Take Your Daughters and Sons to Work Day: Not so simple for many families
Column by Ryan Johnston
For well over half of American families this seemingly simple decision requires more planning than one might imagine – all because the divorce court status quo results in rigid, unequal parenting arrangements.
With America’s family courts consistently ordering “primary custody” arrangements, events like “Take Your Child to Work Day” do not often make the list of things thought out ahead of time. More than 80% of split families are ordered into primary custody arrangements – and only 30% of those have the father as primary custodian. More and more data supports the fact that shared parenting after divorce or separation benefits children the most, plus, in the past couple of years, states including South Dakota, Utah and Minnesota have joined the handful of states with laws supportive of shared parenting after divorce or separation – and numerous states have recently considered similar legislation. As a result, we must ask ourselves: What is taking the family courts in Virginia and most other states so long to catch up to modern research?
A slew of studies in 2014 and 2015 repeatedly show that the consistent, predictable and maximized presence of both parents in a child’s life will help that child’s intellectual and social development into a well-balanced adult. These children show better achievement in school with lower dropout rates, less aggression (particularly in boys), higher self-esteem (especially in girls), and better overall mental health for all children. These results are particularly and specifically supported when the father’s involvement is maximized and encouraged. So important is the presence of the child’s father that the U.S. government released a 127-page guide for case workers in 2006 on the importance of fathering. Since that time, study after study has replicated and substantiated those same results, yet our family courts continue to lag behind what is truly best for children. With studies that support shared parenting existing for not just the past decade but really the past 30 years, why would we not want our courts using shared parenting as the starting premise for split families? Do the best interests of the child not become the best interests of society?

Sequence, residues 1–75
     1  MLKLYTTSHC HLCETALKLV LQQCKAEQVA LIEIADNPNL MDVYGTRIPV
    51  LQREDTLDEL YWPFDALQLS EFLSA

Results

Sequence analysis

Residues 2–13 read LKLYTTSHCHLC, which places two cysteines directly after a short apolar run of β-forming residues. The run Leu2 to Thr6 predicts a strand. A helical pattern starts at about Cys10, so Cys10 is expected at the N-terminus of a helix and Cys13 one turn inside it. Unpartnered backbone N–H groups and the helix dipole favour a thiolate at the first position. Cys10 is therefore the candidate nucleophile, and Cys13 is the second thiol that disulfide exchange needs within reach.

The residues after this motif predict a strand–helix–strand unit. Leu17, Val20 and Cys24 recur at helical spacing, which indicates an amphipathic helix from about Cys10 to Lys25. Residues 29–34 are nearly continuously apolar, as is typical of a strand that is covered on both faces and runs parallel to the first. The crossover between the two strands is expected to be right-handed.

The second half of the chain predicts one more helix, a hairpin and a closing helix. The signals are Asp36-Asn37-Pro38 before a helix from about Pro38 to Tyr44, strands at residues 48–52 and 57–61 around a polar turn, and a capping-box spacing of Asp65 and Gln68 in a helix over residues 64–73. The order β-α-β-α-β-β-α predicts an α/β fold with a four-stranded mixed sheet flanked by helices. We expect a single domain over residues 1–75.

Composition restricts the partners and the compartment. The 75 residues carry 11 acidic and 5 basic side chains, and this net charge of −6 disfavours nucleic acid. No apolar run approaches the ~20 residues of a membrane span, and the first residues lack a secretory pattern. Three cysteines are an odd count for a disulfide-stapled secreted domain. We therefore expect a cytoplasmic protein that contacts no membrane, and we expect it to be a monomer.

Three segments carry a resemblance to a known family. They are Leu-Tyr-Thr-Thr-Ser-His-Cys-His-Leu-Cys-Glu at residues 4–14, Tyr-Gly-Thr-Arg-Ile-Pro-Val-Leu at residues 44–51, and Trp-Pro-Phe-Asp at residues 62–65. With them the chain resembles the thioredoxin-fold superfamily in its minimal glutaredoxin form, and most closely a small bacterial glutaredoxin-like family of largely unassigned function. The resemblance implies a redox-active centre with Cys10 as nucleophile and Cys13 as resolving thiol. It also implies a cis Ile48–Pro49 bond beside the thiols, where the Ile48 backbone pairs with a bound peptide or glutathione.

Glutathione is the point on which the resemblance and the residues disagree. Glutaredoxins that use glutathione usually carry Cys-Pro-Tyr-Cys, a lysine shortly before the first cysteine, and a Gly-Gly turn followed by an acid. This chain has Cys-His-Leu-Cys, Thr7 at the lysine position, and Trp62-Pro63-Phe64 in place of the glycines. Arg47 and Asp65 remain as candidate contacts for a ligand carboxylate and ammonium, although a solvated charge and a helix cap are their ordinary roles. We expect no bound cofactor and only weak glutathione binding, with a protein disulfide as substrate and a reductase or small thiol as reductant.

It is the “best interests of the child” standard that can cause difficulties for our courts. The clause lacks a formal definition and essentially allows each court/judge to rule as they believe, except in cases of abuse. And while judges are required to take a certain number of hours of updates each year, those updates do not have to be related to family law itself. Therefore, our judges could routinely miss out on the latest research on what is truly best for children. In Virginia, judges are not elected (or appointed) on any regular basis and thus our courts have fallen into a rut, specifically the unwritten standard deal that statistically results in one parent being awarded every other weekend (less than 25% of the year) with their children. Does this sound like the best interest of any child?
Furthermore, some Virginia lawmakers and attorneys fear that a shared parenting starting premise would automatically cause some judges to order a 50/50 split no matter what, every single time. We would hope that our judges are more capable than that, and that our judges know they would still have the latitude to deviate from 50/50 wherever and whenever warranted. If we cannot assume that our judges have the wherewithal and capacity to deviate, as they can, from a 50/50 starting premise, then we have a problem with the judges we appoint, not the law itself.
Finally, these same Virginia lawmakers and attorneys will state that judges should not have to explain why they deviate from a 50/50 starting premise. Instead, they would prefer judges simply order whatever they feel is appropriate without any explanation whatsoever. In what American court is that acceptable? Certainly not in any reasonable, balanced court of law. Especially since family court judges’ orders affect our state’s children, judges should be expected and required to explain the reasoning behind their decisions. This is not a high standard to meet; rather, it should be the bare minimum when it comes to our children and their well-being.
The “best interests of the child” needs a clear and consistent definition, not simply a list of factors to consider and interpret. With all the helpful data we have at our disposal, the first part of that definition should be shared parenting as the starting premise for split families and require the courts to find a legally compelling reason to deviate, such as the verified presence of abuse.
If shared parenting was the starting premise for split families, events like Take Your Daughter and Sons to Work Day would be much easier to decide for the best interests of your child.
Ryan Johnston is a member of National Parents Organization of Virginia.